No Way to Choose a President
Painful primary-ing and the end game.


Jay Cost watches politics like a hawk. And so from time to time we check in to see how he’s processing what he sees. And so here you’ve clicked. He gave National Review Online’s Kathryn Jean Lopez his early-December view of political matters primary and general.

(Cost, by the way, has a book coming out next May, Spoiled Rotten: The Story of How the Democratic Party Embraced Special Interests, Abandoned the Public Good, and Came to Stand for Everything It Once Opposed, which can be pre-ordered on Amazon.)


KATHRYN JEAN LOPEZ: You’ve written: “[Obama] needs a noticeable uptick in the state of the union to stand a chance, as right now his numbers are just too weak. Barring that and/or a fumble by the Republicans, I see no path to reelection for this president.” Are you just pumping the base for clicks? Being overly optimistic?

COST: Well, those two caveats are not just to cover my you-know-what! Let’s take each in turn.

Right now, the consensus forecast for 2012 GDP is just 2.3 percent year-over-year growth, according to the Wall Street Journal. Unemployment is forecast to be at 8.7 percent. No president has ever been reelected when the economy was performing so far below its historical trendline. We can go back all the way to 1840 and see Martin Van Buren get tossed from office because of economic weakness. And if these estimates turn out to be more or less accurate, Obama will be in huge trouble.

But the GOP could still screw it up, and the probability of that happening looks to be increasing. I’ve talked before about the danger of an Obama “Frontlash” campaign — something like what LBJ ran on in 1964. To counter the backlash against Obama for a weak economy, the president’s team is going to try to make the GOP nominee seem so extreme and dangerous that swing voters will have no choice but to back Obama. Not all the would-be GOP nominees are susceptible to this kind of attack, but some of them are — and if the party selects one of them, then I’d honestly give the edge to Obama, weak economy and all.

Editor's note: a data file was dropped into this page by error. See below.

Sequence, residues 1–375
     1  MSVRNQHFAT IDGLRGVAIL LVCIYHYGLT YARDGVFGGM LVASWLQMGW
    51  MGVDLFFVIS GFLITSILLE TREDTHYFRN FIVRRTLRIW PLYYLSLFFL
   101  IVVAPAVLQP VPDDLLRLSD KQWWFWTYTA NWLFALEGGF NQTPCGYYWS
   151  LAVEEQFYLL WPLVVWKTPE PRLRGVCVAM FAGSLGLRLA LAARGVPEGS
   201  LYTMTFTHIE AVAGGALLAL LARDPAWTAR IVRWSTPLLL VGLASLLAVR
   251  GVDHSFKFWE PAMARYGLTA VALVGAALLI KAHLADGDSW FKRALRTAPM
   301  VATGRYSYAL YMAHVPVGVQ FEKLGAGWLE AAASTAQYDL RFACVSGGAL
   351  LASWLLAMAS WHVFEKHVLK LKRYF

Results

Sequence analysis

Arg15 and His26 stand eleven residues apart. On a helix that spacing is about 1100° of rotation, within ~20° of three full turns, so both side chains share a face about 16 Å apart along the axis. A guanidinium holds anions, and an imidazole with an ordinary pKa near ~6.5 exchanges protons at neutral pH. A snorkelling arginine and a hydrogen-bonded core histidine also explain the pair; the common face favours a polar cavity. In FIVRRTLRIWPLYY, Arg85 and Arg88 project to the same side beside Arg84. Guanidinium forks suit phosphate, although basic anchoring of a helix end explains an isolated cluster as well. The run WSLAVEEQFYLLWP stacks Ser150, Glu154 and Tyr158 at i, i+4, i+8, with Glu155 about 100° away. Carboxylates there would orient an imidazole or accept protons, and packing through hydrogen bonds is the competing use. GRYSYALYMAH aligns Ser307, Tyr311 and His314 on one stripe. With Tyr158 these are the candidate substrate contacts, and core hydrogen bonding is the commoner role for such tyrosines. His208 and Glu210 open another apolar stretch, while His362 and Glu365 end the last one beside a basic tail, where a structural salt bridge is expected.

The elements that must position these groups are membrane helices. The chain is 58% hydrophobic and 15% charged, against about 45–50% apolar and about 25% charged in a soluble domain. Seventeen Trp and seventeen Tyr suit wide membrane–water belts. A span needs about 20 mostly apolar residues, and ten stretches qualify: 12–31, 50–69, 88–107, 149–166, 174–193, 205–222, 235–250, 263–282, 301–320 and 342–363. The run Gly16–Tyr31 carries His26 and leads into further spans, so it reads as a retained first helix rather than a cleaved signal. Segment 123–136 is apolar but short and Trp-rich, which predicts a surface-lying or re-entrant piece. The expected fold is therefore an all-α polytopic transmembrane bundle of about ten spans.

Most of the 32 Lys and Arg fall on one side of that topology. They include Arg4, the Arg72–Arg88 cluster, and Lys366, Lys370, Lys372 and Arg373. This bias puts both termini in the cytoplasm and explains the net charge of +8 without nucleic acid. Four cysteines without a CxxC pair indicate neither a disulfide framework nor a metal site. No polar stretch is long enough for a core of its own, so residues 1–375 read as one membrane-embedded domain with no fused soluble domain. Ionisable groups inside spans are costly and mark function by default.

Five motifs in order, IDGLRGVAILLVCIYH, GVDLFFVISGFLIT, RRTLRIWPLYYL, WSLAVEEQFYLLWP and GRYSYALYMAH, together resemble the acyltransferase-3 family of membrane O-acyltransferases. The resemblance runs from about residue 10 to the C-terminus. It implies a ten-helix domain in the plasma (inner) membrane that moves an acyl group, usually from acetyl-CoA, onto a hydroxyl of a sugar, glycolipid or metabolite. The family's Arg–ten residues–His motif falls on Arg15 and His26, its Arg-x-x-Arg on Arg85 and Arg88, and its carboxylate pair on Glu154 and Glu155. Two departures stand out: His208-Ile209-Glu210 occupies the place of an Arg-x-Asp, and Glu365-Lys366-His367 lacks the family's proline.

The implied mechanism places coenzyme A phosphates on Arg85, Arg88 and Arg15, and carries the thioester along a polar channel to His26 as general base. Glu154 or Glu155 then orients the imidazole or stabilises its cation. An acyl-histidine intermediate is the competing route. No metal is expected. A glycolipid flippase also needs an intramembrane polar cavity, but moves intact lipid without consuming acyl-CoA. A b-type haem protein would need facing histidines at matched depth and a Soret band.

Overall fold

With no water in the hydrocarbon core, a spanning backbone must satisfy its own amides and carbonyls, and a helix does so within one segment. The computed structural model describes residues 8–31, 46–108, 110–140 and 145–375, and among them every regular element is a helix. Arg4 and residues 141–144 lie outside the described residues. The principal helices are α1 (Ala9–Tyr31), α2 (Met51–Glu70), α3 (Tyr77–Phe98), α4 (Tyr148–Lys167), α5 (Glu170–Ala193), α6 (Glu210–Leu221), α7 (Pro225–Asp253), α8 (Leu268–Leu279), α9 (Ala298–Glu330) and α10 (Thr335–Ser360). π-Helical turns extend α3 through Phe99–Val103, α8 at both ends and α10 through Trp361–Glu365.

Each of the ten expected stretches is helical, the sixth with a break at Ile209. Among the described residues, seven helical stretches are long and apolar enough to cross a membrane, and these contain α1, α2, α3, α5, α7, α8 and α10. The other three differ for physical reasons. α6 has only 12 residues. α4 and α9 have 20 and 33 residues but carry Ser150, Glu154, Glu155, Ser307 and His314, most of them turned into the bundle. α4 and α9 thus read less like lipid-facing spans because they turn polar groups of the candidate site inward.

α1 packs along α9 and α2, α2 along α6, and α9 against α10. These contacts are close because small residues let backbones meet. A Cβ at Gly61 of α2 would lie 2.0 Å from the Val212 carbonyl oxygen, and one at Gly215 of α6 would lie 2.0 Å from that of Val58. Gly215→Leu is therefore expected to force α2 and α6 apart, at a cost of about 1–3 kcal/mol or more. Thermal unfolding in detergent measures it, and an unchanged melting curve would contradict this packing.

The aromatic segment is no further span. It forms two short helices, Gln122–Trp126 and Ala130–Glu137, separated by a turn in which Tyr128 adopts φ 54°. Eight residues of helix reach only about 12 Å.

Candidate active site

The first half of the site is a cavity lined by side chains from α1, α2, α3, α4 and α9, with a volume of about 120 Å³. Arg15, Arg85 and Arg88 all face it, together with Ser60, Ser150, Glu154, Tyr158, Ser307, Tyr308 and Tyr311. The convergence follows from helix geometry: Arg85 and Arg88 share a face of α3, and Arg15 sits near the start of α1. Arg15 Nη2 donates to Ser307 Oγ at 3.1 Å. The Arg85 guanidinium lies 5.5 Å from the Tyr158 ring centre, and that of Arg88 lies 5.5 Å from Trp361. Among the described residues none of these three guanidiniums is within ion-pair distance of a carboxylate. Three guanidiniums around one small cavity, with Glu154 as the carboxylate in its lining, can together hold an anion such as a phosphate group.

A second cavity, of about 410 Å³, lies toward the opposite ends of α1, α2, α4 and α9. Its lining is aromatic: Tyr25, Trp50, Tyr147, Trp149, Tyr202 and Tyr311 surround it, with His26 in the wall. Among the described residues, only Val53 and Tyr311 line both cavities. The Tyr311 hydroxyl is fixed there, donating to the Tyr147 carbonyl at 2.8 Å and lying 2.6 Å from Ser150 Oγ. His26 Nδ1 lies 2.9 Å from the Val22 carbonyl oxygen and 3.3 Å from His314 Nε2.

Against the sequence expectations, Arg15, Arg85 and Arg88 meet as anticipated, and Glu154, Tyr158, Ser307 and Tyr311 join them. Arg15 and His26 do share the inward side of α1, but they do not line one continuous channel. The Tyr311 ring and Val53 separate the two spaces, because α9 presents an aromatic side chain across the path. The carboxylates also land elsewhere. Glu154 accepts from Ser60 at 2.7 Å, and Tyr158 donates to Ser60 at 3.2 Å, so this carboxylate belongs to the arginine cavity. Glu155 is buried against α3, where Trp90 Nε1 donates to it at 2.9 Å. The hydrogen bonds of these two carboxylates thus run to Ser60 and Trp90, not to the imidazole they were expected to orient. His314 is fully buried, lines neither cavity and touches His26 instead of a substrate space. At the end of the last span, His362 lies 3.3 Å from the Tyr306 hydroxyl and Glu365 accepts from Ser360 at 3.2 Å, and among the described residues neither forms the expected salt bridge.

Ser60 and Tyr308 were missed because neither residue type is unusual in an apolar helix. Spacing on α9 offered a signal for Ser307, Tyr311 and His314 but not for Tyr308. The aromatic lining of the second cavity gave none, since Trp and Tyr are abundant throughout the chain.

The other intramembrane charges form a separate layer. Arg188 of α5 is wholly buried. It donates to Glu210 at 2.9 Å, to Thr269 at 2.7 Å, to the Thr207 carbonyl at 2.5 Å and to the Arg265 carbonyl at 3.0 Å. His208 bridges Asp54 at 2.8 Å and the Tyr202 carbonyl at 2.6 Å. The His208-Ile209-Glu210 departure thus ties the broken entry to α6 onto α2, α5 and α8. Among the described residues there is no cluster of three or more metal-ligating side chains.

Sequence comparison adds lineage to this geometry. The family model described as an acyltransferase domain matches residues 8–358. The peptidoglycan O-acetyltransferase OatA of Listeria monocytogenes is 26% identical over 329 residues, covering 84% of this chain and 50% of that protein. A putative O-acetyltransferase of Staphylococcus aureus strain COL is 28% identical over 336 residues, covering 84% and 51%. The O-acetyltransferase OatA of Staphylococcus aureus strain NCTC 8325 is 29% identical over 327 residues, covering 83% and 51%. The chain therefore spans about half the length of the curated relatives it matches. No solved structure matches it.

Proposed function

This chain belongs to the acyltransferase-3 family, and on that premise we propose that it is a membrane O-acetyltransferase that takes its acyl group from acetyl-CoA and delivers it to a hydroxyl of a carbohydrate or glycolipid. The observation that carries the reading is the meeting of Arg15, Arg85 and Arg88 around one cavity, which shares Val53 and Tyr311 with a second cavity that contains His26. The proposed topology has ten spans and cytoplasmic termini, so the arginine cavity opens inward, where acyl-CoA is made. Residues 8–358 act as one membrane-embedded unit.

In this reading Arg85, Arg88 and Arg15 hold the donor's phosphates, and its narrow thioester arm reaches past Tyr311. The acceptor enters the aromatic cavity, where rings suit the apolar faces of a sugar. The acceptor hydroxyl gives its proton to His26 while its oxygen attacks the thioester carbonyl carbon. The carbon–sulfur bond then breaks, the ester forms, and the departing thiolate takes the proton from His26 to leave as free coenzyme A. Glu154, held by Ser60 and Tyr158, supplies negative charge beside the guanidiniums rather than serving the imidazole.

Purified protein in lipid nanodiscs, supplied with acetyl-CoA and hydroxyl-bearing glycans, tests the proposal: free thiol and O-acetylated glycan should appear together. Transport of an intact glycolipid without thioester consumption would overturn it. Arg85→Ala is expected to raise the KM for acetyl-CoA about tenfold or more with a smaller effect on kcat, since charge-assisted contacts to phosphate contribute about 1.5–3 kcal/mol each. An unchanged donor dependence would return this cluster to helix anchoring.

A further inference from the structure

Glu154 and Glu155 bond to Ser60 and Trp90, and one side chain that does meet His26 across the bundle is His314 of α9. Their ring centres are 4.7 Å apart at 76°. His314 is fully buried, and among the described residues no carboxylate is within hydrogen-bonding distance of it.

LOPEZ: Is there a reasonably attractive candidate in the running on the GOP side? There is a lot of whining that the most reasonably attractive are sitting on the bench waiting for another year.

COST: This is a weak field. There’s no doubt about it. Even so, I think from a general-election standpoint, Romney is fine. Ditto Huntsman. 

And I personally think conservatives need to assign more weight to the electability factor than many of them are currently doing. This is not like 1996, when it was ultimately okay that Clinton was reelected because the GOP still controlled the Congress. With Obamacare waiting to be implemented, this is a must-win election for the Republicans. Frankly, anybody who can beat Obama and sign the repeal bill is good enough for me.

LOPEZ: Do you have a potential-fumble-watch checklist?

COST: Foot-in-mouth disease. That’s what nailed Goldwater in 1964. And I’d add that LBJ was bound to win that year, but the disaster of the Goldwater candidacy yielded the Great Society Congress, which passed Medicare, which is now bankrupting the country.

To that end, it’s worth pointing out that the Democrats learned no lessons from 2010. That means that if the GOP screws this up, Obama gets reelected, the Democrats hold the Senate and retake the House, then that Obama-Reid-Pelosi trio will go right back to doing all the stuff that got them in so much trouble in 2010. They’ll never stop. The Left is totally in charge of the Democratic party now, and, to borrow a concept from Samuel Gompers, they have a simple goal: More. More regulations, more spending, more redistribution. More, more, more. They’ll never stop, unless the GOP stops them.